“…We need support in dealing with transnational criminal organizations and dealing with human trafficking – not in going after grandma’s medicinal marijuana,”
Kamala Harris to Trump: Leave grandma’s marijuana alone
By Sean Cockerham
Sen. Kamala Harris of California used the year’s first big 2020 presidential spotlight Tuesday to rail against Trump administration drug policies and call for easing laws governing marijuana.
“Let me tell you what California needs, Jeff Sessions. We need support in dealing with transnational criminal organizations and dealing with human trafficking – not in going after grandma’s medicinal marijuana,” she said, referring to Attorney General Jeff Sessions.
Tuesday’s Ideas Conference, put on by the influential liberal think tank Center for American Progress, was a widely watched testing ground for a Democratic Party that is desperately in search of new leadership. More than 100 reporters signed up to cover the event, with hundreds of spectators in the audience at a ballroom in the Four Seasons hotel in Georgetown.
Harris’ address comes as the freshman senator broadens her profile, including in recent days an extended appearance on CNN’s “The Lead” and the commencement address at Howard University, her alma mater. Harris was among the most anticipated Democratic up-and-comers in an Ideas Conference lineup that also included oft-mentioned potential presidential candidates such as Sens. Elizabeth Warren of Massachusetts, Amy Klobuchar of Minnesota and Cory Booker of New Jersey.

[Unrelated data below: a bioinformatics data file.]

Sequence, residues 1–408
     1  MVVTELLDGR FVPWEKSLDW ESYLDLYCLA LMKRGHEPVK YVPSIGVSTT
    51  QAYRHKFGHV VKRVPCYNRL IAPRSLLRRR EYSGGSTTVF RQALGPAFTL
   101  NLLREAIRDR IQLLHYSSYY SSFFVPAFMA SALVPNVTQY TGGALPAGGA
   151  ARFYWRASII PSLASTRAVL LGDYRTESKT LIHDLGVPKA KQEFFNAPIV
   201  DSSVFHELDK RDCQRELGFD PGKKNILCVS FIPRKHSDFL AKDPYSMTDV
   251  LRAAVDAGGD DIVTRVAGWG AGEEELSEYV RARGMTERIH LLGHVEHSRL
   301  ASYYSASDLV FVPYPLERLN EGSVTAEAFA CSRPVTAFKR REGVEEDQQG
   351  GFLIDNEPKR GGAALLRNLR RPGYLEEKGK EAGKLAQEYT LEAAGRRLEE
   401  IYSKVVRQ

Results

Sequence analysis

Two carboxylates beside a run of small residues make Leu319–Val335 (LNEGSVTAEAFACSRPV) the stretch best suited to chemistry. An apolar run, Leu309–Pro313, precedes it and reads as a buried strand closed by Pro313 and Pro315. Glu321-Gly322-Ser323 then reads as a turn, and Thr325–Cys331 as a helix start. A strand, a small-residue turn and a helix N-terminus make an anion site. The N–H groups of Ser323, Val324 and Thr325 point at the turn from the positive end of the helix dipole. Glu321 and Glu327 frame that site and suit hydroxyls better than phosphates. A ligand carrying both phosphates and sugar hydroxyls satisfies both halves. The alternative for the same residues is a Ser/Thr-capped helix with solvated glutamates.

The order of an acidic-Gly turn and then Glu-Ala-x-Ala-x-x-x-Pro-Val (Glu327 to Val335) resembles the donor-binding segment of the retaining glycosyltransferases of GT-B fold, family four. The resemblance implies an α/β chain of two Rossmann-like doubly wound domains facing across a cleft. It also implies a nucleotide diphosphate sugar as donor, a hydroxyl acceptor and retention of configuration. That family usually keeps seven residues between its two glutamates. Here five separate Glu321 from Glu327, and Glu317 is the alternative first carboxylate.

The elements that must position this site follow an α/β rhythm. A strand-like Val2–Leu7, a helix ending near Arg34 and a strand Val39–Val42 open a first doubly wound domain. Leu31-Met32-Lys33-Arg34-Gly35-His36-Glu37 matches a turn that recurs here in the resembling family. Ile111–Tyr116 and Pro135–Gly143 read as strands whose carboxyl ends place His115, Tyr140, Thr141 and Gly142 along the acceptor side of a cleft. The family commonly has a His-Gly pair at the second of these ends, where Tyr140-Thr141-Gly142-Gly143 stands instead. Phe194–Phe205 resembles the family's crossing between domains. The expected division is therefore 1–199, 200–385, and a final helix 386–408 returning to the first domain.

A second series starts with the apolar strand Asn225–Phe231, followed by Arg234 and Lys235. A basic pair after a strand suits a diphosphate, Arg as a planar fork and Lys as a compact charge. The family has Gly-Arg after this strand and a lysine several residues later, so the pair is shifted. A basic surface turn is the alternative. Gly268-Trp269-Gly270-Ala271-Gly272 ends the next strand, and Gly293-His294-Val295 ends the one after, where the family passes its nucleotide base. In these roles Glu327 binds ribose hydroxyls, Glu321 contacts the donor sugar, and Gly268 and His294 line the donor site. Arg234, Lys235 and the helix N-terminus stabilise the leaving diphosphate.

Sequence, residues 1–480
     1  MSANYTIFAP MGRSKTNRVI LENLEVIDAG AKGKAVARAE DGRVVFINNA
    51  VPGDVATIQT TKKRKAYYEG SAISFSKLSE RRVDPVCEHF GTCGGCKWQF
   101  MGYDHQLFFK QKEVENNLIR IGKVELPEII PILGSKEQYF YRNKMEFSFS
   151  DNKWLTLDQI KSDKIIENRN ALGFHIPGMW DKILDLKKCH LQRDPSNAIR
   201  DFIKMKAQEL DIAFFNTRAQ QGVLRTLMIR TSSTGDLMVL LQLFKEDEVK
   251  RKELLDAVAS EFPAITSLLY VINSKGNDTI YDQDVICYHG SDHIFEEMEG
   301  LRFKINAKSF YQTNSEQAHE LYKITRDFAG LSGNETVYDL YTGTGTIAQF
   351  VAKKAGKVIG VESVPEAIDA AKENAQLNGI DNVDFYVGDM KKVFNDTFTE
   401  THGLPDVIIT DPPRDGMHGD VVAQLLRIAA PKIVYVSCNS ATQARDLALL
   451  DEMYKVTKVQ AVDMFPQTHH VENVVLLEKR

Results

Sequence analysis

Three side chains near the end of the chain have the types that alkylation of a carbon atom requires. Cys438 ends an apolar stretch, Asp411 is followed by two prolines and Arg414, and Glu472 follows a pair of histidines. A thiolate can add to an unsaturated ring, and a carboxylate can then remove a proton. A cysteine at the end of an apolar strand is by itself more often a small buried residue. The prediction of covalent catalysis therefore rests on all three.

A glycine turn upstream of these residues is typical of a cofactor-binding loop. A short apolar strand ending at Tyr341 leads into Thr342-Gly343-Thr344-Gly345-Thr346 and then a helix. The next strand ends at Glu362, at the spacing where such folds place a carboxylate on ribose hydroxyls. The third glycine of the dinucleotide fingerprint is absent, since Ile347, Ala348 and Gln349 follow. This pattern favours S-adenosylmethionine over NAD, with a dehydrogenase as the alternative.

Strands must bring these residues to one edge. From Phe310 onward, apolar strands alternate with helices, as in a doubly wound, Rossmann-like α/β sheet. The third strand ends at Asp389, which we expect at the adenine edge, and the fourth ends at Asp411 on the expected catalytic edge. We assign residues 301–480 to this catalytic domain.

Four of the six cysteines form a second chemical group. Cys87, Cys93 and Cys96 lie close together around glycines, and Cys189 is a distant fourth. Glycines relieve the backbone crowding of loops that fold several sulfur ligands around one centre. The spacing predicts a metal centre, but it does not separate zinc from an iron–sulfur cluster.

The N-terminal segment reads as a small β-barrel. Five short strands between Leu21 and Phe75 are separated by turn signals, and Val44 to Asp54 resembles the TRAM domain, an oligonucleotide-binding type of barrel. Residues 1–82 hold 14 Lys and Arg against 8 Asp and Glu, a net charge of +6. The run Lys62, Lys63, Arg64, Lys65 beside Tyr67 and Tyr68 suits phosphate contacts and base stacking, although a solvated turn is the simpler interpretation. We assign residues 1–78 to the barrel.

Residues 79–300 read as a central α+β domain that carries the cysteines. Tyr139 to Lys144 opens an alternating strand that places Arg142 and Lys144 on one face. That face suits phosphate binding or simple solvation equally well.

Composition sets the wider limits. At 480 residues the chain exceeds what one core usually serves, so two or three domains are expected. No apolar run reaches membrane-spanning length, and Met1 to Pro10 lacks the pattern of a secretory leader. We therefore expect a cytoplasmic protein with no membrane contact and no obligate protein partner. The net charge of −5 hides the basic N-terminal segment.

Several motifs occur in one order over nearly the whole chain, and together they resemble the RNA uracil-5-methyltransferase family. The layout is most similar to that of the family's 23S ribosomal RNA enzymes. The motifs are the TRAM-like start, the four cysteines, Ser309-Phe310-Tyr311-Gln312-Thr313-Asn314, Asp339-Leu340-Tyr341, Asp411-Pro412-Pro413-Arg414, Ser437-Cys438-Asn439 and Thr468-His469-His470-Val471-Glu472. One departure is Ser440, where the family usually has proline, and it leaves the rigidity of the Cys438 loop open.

Harris insists she’s not thinking about a run for president but progressive leaders at the Ideas Conference were closely watching her with 2020 in mind.
Michele Jawando, vice president for legal progress at the Center for American Progress, was struck by Harris’ decision to focus on Sessions’ criminal justice policies – an issue that’s been lost amid the fire hose of news about Trump’s Russia controversies.
“(Harris) is without question someone we’re going to continue to talk about,” she said.
Harris focused on Sessions’ new dictate that federal prosecutors pursue the toughest criminal penalties possible – including mandatory minimum sentences – for drugs and other crimes. Sessions is threatening to pursue federal marijuana prosecutions even in states like California that voted to legalized pot.
“While I don’t believe in legalizing all drugs – as a career prosecutor I just don’t – we need to do the smart thing, the right thing, and finally decriminalize marijuana,” Harris said, in one of the strongest pro-pot statements that she has made in her political career.
Harris called Sessions’ push for maximum sentences a revival of a failed war on drugs in which Latinos and African-Americans were disproportionately incarcerated and the nation’s drug issues only got worse.
“Instead of going after violent crime, drug cartels, and major traffickers, we’re worried about the neighborhood street-level dealer,” she said. “Instead of addressing the core issue of addiction and getting folks into treatment, we’re going to overcrowd and build more prisons.”
Harris told the progressive crowd that the issue offers an opening for them to ally with conservatives. Republicans including Sen. Rand Paul of Kentucky oppose harsh sentencing such as mandatory minimum terms as a useless destroyer of lives. And opioid addiction is devastating red and blue states alike.
The Ideas Conference had Californians at the forefront of the Democratic Party’s search for leadership. California Reps. Nancy Pelosi, Adam Schiff and Maxine Waters were featured and billionaire environmentalist Tom Steyer, a potential candidate for governor of California, made an appearance.
Los Angeles Mayor Eric Garcetti, also a possible candidate for governor next year, gave the opening address.